Record number of open meeting law complaints in Mass. filed in 2021

A record number of open meeting law complaints were filed with the state during 2021, according to Massachusetts Attorney General Maura Healey’s office.

The Democrat said her office received a record 406 complaints about possible violations of the law, meant to help the public gain access into the workings of government.

The office also issued a record 202 determination letters, and resolved a total of 350 complaints, according to a report released earlier this month.

The most frequently occurring violations in 2021 were: insufficiently specific meeting notices; failure to release meeting minutes; meetings not accessible to the public; and deliberations outside of a posted meeting.

The remedial actions most frequently ordered by the state Division of Open Government were: immediate and future compliance with the open meeting law; creation or approval of open session minutes; release or revision of executive session minutes, and attendance at a training on the open meeting law.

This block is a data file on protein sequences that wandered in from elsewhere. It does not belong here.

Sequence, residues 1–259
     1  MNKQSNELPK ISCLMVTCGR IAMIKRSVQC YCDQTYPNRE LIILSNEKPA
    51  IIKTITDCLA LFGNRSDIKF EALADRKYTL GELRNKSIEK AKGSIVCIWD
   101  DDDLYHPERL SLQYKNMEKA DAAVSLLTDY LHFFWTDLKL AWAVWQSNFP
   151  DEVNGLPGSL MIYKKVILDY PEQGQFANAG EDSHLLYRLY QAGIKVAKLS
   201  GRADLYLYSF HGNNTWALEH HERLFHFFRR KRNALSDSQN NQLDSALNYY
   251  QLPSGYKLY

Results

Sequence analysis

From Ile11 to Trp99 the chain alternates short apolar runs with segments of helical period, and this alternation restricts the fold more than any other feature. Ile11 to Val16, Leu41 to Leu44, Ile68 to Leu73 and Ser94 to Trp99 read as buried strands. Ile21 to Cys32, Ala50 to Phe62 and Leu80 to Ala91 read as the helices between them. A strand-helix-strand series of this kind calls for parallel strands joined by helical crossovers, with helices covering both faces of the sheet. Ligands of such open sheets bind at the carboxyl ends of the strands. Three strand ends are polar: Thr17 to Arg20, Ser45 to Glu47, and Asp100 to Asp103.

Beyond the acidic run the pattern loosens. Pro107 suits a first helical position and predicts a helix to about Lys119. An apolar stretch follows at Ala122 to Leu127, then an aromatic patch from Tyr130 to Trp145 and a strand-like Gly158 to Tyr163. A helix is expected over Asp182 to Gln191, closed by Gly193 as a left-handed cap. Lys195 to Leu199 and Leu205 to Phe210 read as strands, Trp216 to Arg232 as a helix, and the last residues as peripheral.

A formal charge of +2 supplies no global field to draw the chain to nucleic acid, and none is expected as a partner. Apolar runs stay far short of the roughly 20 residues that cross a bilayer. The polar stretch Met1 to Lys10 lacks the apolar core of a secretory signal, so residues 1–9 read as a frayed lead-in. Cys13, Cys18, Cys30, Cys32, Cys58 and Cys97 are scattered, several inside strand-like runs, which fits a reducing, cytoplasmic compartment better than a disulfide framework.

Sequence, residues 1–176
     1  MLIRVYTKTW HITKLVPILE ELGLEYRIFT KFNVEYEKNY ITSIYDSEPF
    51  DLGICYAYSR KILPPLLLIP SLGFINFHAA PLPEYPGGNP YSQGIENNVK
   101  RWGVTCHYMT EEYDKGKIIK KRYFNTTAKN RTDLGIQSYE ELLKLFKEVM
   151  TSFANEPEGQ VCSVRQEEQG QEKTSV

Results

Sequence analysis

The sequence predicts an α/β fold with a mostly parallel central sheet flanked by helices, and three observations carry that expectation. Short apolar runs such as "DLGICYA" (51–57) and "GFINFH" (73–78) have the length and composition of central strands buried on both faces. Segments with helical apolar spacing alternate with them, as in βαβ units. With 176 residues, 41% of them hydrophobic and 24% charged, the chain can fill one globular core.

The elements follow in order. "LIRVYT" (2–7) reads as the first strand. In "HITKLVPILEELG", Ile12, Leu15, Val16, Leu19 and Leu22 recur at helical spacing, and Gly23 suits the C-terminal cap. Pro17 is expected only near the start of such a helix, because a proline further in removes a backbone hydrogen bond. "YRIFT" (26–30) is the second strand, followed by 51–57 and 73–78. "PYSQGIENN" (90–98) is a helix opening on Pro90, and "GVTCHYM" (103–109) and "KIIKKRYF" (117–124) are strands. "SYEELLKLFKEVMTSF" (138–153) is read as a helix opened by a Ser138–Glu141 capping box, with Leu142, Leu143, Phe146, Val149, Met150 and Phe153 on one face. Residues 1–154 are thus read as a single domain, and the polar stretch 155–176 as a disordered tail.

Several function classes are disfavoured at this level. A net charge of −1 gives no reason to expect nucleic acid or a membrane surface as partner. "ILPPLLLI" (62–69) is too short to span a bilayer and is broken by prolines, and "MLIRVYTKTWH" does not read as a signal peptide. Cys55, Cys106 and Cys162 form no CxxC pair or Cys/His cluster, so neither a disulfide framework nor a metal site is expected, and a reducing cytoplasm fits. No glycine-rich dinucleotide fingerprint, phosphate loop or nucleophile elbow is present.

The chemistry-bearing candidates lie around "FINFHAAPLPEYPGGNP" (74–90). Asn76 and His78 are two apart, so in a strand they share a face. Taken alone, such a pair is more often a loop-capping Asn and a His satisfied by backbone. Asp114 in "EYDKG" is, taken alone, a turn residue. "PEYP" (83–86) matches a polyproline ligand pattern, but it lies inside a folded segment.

Throughout 2021, the Division of Open Government worked to provide guidance on changes made in 2020 and 2021 to the open meeting law which, for the first time, allowed public bodies to hold meetings remotely, according to Healey.

“The Division of Open Government is a key resource for public bodies and Massachusetts residents seeking information and guidance on the open meeting law,” Healey said in statement.

“Especially throughout the pandemic, the division has played a critical role in ensuring that all stakeholders can participate transparently, reliably and safely in the work of our public bodies,” she added.

The Division has also advocated for legislation that would make permanent some of the flexibility permitted during the pandemic, Healey said.


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